I wanted to try out Google Cloud Functions, and when I saw that it only supported JavaScript I thought “What a perfect opportunity to try ClojureScript as well. I could have imitated (https://github.com/MartinSahlen/cloud-functions-clojure) and that would have been fine, but I started going through the Modern ClojureScript Tutorials and got taken by boot. (See how easy it is for me to get lost down a rabbit hole?)

Ultimately, I’m only going to end up having two files:

.
├── build.boot
└── src
    └── cljs
        └── demo
            └── core.cljs

I did this in phases, figuring out one piece at a time. I’ll be walking you through that process, as I think it will make the information easier to digest.

To begin with I just wanted to get a minimal ClojureScript project going. Most of this part is lifted straight from Tutorial 1 of Modern ClojureScript, but even simpler because I don’t need an html file. I’m not going to repeat what’s explained in the tutorial, he does a much better job of describing what’s going on.

;; core.cljs
(ns demo.core)

(defn greet [req res]
  (println "hey")
  (.json res (clj->js (:headers req))))

(enable-console-print!)
;; build.boot
(set-env!
 :source-paths #{"src/cljs"}
 :dependencies '[[adzerk/boot-cljs "1.7.228-2"]])

(require '[adzerk.boot-cljs :refer [cljs]])

Now to start making it possible for cloud functions to be able to run this function. There’s a command line tool that we’ll get to later, but for now let’s focus on just being able to paste in some raw javascript. First, for cloud functions to be able to call greet it needs to be added to the export module. Once I figured out what I was looking for, it was pretty easy to pull out of cloud-functions-clojure and add to the end of core.cljs:

(set! (.-exports js/module) #js {:greet greet})

With that in place, I ran boot cljs --optimizations simple target to generate the JavaScript. The nuance here is --optimizations simple, without that, it will use the optimization none which will scatter the code across several files. With the optimization, all the code I need is generated in target/main.js. Then I headed over to Google’s cloud console, and set up a new function. Made the trigger an HTTP trigger, pasted the contents of main.js into the inline editor and set the function to execute to greet.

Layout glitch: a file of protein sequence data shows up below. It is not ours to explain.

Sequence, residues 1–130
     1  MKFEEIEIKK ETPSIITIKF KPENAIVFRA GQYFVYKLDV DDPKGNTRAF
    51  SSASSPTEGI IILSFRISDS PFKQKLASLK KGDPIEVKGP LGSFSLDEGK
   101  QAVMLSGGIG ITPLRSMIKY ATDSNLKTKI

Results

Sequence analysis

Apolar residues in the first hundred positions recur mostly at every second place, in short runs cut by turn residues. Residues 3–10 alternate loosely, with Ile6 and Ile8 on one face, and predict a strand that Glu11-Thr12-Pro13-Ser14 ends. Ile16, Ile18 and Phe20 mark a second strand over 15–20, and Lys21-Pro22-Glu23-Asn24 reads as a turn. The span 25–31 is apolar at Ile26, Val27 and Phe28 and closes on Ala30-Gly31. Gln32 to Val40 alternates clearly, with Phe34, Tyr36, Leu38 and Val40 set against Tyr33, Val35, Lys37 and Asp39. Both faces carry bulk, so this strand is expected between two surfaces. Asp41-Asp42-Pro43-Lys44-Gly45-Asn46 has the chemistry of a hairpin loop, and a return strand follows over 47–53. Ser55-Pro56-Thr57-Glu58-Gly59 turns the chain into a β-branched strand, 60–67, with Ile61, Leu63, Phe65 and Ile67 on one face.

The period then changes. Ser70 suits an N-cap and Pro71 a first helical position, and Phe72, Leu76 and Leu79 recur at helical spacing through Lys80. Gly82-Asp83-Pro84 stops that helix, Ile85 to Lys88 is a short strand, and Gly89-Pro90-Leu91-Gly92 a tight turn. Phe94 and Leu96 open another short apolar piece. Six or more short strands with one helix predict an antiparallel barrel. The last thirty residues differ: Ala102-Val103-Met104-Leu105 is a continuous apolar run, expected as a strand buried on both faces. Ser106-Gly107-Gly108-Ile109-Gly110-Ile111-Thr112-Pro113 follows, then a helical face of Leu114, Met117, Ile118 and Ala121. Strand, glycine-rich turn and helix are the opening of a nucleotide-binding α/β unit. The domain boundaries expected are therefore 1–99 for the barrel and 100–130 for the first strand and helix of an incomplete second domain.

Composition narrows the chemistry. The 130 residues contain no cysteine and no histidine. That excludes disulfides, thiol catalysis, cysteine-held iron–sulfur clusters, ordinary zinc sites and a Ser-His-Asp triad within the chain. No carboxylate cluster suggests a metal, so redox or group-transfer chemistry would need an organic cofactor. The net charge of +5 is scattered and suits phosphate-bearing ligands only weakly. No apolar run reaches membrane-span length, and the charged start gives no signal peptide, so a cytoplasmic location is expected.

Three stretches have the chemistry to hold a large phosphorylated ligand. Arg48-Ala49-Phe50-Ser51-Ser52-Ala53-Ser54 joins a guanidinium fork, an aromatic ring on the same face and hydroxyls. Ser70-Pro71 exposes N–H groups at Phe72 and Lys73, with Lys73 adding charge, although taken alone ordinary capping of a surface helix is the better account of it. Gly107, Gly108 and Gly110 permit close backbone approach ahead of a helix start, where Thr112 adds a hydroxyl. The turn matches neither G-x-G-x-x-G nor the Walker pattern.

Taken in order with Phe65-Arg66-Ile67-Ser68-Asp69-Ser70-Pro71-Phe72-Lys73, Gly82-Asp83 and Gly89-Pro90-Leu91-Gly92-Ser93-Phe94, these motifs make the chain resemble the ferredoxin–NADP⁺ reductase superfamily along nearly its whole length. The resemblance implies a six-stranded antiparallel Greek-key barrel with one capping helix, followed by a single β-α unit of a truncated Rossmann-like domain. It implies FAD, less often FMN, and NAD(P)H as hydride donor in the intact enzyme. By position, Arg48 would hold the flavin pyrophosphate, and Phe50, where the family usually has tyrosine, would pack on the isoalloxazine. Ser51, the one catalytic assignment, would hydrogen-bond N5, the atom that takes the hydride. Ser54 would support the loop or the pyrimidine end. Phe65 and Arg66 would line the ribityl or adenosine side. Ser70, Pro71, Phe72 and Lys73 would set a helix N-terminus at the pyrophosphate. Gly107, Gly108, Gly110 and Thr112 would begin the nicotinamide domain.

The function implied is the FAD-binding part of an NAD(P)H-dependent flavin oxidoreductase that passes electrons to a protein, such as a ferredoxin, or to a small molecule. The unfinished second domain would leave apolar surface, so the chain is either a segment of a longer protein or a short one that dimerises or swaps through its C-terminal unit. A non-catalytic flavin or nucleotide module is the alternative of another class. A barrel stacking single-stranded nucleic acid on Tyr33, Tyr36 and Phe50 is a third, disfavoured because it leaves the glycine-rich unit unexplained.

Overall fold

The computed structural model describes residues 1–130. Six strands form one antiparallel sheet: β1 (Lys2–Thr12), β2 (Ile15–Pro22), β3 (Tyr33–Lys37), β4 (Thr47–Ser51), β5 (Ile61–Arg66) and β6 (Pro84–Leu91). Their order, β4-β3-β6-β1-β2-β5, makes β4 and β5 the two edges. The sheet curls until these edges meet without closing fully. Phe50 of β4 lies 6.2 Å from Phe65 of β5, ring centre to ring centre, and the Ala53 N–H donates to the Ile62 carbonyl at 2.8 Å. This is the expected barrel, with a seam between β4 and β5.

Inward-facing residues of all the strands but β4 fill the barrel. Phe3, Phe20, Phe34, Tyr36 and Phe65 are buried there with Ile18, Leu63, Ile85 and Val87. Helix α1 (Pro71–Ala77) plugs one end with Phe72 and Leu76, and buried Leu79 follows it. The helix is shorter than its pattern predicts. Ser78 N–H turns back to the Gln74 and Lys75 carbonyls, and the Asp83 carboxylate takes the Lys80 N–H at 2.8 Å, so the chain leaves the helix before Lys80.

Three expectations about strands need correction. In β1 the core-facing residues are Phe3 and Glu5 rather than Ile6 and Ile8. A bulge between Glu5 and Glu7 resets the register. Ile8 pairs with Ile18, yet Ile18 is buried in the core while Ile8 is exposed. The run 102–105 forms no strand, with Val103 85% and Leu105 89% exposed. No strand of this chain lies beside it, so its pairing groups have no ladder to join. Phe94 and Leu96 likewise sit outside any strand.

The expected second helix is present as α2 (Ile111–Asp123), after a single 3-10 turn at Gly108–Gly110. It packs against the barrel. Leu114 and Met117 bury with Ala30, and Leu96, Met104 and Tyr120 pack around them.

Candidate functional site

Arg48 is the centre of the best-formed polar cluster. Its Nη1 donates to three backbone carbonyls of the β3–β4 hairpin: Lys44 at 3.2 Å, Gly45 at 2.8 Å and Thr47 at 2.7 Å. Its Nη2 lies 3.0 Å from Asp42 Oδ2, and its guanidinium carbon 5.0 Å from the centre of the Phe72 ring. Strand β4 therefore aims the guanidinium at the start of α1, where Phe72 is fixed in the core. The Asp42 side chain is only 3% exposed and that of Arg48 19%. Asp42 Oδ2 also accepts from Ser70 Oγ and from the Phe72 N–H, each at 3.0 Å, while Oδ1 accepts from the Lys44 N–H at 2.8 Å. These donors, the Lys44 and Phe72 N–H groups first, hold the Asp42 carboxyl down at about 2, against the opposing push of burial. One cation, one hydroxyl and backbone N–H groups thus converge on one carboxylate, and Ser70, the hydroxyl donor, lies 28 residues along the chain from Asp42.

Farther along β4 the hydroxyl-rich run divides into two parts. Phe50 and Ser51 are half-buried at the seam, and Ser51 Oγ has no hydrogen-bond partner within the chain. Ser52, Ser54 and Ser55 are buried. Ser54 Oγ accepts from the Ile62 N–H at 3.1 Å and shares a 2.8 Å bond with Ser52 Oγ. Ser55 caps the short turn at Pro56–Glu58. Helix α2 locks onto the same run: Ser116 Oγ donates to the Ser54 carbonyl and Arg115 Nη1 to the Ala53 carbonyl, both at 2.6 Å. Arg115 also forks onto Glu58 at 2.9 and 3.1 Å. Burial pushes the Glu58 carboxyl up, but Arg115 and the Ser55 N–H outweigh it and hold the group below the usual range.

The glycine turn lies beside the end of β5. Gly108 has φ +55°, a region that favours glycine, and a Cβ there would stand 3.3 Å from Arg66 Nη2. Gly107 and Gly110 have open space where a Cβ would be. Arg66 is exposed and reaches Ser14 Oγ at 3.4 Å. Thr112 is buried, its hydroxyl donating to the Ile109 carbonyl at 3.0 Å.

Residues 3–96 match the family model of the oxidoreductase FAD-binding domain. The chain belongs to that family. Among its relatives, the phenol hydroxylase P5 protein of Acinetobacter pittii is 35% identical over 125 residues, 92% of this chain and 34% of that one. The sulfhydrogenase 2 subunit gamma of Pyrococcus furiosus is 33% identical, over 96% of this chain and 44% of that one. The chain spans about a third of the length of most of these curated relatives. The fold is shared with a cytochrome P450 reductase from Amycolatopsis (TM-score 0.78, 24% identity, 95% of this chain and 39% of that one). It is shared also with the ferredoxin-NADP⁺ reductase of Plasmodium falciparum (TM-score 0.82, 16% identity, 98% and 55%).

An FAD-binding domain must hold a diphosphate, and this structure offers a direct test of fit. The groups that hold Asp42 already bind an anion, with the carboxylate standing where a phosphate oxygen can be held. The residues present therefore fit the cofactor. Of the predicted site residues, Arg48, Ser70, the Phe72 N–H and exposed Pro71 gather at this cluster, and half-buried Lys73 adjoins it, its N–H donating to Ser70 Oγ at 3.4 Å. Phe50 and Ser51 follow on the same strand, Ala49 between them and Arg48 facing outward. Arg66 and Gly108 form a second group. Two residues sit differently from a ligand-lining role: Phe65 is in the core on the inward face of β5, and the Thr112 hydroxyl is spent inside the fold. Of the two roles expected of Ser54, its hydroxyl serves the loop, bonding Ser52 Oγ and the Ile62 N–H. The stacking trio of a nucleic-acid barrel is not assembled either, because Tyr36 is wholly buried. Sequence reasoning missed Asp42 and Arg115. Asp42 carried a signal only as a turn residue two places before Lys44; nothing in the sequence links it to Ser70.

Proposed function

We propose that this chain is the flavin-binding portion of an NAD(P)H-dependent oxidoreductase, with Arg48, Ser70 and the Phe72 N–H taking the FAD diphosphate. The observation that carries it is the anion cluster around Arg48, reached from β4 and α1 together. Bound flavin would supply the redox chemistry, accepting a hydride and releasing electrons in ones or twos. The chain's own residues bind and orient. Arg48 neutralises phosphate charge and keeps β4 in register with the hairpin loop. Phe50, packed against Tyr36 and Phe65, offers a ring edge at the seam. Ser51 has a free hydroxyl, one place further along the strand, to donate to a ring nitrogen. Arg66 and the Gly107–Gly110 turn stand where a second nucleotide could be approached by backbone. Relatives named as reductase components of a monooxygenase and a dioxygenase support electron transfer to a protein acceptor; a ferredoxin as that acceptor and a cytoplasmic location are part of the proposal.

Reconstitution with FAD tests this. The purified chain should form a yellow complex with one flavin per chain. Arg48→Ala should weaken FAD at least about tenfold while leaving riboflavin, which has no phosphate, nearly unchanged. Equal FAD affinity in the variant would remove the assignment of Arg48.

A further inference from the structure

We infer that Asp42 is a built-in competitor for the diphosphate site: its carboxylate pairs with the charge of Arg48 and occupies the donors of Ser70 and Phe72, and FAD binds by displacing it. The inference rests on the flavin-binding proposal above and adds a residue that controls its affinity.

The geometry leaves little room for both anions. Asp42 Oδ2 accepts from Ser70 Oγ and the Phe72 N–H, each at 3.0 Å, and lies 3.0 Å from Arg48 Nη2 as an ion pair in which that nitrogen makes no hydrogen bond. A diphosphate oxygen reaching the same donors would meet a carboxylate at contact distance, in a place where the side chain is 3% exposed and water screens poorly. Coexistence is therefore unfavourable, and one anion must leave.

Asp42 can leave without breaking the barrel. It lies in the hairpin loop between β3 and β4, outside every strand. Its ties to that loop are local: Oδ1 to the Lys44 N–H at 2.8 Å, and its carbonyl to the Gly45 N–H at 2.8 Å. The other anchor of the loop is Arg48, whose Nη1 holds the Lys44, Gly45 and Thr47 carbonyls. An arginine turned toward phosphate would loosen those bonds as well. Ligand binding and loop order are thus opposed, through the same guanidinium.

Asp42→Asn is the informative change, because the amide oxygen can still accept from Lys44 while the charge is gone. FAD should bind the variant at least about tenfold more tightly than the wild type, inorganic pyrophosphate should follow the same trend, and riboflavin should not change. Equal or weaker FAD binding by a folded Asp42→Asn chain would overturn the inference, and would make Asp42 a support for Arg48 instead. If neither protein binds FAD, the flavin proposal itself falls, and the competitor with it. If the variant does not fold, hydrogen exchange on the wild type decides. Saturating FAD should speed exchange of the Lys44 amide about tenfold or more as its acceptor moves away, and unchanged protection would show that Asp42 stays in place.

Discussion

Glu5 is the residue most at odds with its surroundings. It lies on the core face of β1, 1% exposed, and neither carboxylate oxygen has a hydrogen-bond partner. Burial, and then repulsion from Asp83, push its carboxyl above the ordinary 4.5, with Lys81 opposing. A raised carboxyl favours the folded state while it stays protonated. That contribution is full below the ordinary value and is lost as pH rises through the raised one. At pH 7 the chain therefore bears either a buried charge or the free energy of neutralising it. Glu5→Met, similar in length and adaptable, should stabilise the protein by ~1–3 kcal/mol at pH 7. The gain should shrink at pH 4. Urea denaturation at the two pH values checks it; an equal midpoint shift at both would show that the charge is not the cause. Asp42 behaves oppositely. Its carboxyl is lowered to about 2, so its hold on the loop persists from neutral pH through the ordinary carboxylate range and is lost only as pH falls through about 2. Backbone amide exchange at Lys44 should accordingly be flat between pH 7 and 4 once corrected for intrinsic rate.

So I have valid javascript generated, but it’s pretty annoying to be pasting into a text box to deploy a new version. Next up, I used the gcloud cli to deploy automatically. The command I want to use is gcloud beta functions deploy greet --stage-bucket demo_staging --trigger-http, but there are two problems right now with that: it expects the javascript to be in the directory where the command is run and it expects the file to be named index.js. The former I resolved by changing the command to gcloud beta functions deploy greet --local-path target --stage-bucket demo_staging --trigger-http. For the latter I’ll switch the build command to boot cljs --optimizations simple --ids index target.

Now to get this all a bit more operationalized. I’d like to be able to just say boot deploy -f greet, but first I need to understand how to create new tasks. deftask will allows me to build the command, and a less documented function in boot called dosh allows me to execute the gcloud command. I used with-pre-wrap to make it easier to pass the fileset object down the stack, as well as ensure that a deploy happens before any tasks chained with it are called. This is added to the end of build.boot.

(deftask deploy [f function NAME str "Function to deploy"]
  (comp (cljs :optimizations :simple :ids #{"index"})
  (target)
  (with-pre-wrap fileset
    (dosh "gcloud" "beta" "functions" "deploy" function "--local-path" "target"
          "--stage-bucket" "demo_staging" "--trigger-http")
    fileset)))